Be wily: Tips on staying safe around coyotes
Published 4:55 pm, Thursday, February 17, 2011
The destruction of the animals' habitat.
Human encroachment from increased population.
More pups surviving and going out on their own.
They have become more adaptable with more highly developed surroundings.
Coyotes were not originally found in Connecticut. They were from the Western Plains and the Midwest. They have extended into the Northeast and were first reported in Connecticut in the 1950s.
The Eastern coyote is larger than the Western coyote. The Eastern coyote adults are 40 to 60 inches long from nose to tail and weigh between 30 and 50 pounds, with males weighing more than females.
Eastern coyotes grow bigger than the Western variety, according to recent genetic research because of interbreeding with Canadian grey wolves.
Coyotes can reproduce with domestic dogs, but rarely do. That's because both male and female coyotes are fertile only a short time during the year. Coyote-dogs rarely survive because male dogs that breed with female coyotes don't stay around to help raise the pups.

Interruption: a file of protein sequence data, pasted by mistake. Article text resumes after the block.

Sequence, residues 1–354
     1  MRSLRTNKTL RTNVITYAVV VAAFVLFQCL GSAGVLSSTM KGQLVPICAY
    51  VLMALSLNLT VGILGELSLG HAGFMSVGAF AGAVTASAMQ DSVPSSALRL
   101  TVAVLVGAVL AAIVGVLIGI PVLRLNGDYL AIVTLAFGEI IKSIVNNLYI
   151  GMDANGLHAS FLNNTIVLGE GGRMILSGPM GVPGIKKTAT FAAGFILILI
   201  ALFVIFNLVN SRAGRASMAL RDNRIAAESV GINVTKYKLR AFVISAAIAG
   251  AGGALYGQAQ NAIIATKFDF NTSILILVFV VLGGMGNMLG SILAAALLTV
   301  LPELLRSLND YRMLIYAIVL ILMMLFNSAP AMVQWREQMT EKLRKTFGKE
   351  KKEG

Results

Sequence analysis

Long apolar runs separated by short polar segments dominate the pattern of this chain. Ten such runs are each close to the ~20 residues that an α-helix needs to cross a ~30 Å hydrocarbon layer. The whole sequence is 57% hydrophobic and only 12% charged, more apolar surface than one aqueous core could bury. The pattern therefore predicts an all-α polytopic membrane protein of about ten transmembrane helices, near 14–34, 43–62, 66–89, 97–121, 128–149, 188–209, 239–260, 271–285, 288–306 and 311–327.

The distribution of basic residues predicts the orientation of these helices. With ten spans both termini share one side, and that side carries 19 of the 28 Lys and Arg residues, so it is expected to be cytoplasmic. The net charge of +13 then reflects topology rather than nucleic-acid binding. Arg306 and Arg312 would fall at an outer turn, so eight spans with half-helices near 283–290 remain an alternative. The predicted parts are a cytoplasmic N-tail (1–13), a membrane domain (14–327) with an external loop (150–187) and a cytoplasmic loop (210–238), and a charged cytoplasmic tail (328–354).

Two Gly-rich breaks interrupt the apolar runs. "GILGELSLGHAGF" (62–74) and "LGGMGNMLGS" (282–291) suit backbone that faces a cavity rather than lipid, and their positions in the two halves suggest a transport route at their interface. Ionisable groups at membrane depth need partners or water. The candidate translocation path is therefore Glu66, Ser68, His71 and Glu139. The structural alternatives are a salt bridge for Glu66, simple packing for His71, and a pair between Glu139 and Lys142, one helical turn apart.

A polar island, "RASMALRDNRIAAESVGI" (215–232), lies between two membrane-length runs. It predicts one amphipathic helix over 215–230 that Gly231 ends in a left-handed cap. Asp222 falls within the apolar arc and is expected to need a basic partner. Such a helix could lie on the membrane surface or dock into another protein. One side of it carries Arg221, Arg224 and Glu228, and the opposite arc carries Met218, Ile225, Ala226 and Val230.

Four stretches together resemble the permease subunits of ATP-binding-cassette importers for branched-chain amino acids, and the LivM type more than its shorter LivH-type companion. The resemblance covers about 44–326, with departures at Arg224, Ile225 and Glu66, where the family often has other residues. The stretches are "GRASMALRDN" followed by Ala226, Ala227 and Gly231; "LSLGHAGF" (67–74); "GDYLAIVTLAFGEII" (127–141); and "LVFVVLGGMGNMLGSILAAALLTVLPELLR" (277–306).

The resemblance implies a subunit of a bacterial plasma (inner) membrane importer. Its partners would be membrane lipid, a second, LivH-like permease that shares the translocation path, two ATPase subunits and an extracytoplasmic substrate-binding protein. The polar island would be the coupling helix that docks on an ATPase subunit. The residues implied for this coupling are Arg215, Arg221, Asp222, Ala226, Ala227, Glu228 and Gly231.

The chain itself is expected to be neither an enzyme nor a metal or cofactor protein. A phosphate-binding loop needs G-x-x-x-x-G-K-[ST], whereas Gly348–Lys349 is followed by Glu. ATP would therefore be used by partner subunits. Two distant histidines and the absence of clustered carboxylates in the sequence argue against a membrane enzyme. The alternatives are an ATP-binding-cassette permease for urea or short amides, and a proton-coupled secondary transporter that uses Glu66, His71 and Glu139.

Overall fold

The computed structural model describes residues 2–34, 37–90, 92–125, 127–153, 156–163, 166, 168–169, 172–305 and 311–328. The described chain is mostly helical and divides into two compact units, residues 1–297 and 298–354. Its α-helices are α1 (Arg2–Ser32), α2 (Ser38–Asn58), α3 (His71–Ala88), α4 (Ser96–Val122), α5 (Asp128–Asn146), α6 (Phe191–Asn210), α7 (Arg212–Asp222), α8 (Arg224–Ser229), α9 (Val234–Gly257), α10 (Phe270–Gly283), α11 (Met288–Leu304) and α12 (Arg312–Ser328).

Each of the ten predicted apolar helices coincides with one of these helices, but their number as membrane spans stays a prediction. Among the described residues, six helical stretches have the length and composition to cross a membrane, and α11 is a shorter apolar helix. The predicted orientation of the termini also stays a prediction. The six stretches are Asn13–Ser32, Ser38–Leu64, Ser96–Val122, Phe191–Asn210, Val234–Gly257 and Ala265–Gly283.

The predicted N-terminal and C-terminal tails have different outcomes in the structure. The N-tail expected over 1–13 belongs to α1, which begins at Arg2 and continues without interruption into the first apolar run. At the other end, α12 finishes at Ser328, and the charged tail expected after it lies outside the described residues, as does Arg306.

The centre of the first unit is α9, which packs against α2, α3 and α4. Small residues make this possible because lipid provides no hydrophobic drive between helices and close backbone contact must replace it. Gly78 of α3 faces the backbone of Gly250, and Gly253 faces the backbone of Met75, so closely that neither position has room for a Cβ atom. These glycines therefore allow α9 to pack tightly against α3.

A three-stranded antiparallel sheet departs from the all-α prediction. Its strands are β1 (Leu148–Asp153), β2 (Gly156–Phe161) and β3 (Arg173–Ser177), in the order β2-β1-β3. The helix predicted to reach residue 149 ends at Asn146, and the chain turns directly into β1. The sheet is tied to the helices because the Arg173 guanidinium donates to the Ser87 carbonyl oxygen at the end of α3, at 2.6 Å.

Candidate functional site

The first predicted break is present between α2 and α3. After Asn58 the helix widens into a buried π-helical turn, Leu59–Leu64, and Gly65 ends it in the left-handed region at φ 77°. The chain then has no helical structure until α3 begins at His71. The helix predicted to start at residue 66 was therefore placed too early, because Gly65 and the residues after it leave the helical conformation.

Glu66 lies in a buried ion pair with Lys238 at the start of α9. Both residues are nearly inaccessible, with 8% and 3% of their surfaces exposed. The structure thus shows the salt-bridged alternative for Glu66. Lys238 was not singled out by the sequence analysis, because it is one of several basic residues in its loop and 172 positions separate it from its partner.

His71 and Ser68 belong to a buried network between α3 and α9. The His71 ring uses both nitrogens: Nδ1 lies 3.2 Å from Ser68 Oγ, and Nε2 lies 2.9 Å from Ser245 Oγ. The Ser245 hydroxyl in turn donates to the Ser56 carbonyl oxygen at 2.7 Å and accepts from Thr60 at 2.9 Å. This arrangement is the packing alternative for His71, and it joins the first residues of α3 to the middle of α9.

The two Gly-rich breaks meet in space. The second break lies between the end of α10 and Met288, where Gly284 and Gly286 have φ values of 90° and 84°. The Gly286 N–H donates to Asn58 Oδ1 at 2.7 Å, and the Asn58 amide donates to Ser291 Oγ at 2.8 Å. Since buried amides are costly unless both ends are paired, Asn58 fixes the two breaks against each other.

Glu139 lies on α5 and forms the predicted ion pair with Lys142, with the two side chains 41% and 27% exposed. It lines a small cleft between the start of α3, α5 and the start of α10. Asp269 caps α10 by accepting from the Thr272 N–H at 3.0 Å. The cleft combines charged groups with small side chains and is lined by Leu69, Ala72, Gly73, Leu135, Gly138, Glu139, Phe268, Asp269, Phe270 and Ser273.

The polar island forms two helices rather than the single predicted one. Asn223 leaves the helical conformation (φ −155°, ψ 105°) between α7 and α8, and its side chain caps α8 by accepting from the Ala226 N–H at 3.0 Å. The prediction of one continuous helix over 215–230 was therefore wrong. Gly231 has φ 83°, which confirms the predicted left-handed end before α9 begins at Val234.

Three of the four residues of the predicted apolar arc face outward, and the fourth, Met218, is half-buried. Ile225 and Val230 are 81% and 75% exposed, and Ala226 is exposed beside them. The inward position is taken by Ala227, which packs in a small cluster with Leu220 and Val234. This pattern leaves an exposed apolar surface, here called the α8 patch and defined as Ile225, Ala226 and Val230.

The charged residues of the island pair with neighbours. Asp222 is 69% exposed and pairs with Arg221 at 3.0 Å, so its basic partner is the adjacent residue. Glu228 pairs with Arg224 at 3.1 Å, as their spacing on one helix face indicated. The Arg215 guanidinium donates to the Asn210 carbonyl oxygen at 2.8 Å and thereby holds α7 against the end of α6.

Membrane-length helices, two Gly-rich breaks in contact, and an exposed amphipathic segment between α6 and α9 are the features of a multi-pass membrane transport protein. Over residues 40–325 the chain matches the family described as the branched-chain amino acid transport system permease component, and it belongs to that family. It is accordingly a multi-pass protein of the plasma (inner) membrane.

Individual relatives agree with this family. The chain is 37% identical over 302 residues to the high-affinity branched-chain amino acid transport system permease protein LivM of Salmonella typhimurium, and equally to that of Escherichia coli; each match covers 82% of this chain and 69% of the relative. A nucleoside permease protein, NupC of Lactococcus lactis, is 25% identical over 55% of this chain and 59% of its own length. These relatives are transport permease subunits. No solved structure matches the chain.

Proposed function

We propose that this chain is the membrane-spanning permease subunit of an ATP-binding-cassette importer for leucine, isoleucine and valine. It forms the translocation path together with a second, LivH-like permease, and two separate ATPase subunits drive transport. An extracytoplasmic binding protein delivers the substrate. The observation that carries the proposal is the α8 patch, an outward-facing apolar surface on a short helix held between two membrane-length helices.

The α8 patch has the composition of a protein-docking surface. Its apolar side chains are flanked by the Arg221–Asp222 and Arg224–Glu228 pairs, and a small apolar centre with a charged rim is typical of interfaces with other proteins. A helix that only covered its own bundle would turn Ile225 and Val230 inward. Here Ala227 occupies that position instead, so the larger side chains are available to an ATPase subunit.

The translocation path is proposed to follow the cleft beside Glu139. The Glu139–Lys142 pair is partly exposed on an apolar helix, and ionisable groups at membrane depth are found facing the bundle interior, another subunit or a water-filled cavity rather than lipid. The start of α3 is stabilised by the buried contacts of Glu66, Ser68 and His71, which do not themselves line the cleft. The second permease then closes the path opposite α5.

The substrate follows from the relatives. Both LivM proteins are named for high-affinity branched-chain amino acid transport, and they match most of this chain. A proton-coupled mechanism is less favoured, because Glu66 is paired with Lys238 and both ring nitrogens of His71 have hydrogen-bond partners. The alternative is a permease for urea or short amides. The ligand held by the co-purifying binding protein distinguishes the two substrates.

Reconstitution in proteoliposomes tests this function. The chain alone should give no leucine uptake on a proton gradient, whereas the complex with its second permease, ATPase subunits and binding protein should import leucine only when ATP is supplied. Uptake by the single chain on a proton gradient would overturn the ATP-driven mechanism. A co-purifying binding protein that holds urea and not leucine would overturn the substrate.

The coyote's sense of hearing and smell are very well developed.
Coyotes normally run as fast as 25 to 30 mph, but can run as fast as 40 mph if pursued.
Coyote attacks on pets are still happening, and two attacks on humans in Rye, N.Y., have made people more nervous then ever. According to the state Department of Environmental Protection, some coyotes may show bold behavior toward people, although it is very rare. It will increase if the coyotes are fed and if they learn to associate food with people.
Never place food out for any animals.
Clean up bird seed debris feeders.
Don't leave pet food or bowls outside.
Clean up fallen fruit from the ground.
Make loud noises -- shout, bang pots and pans, use an air horn.
Spray water from a hose.
People who live in or near a coyote habitat, such as woods with heavy brush, rocky ledge or a water source, may have to find some kind of coyote-proof fencing. In some rare cases, removal of the coyotes by professionals may be warranted.
Keep cats indoors, especially at night.
Small dogs should be kept on a leash and under close supervision at all times.
Be aware of
Extremely bold behavior.
Approaching people for food.
Attacking leashed pets with their owners.
Chasing dogs and/or bikers.
Showing signs of rabies or other disease, such as staggering, seizures and extreme lethargy.
Coyotes may be dangerous. Be sure to teach children to recognize what a coyote looks like. If they see a coyote on the property, they should quickly go inside the house and make sure they do not run. Close off all crawl spaces under porches and sheds where coyotes or other animals can hide.
Westport residents who have questions about coyote behavior should contact the Westport Animal Control 203-341-5076. Speak to Head Animal Control Officer Peter D'Amico, Assistant Animal Control Officer Joe Saponare or Kathleen Suchy, the secretary. You can also contact the DEP Wildlife Division at 860-424-3011 or www.ct.gov/dep/wildlife.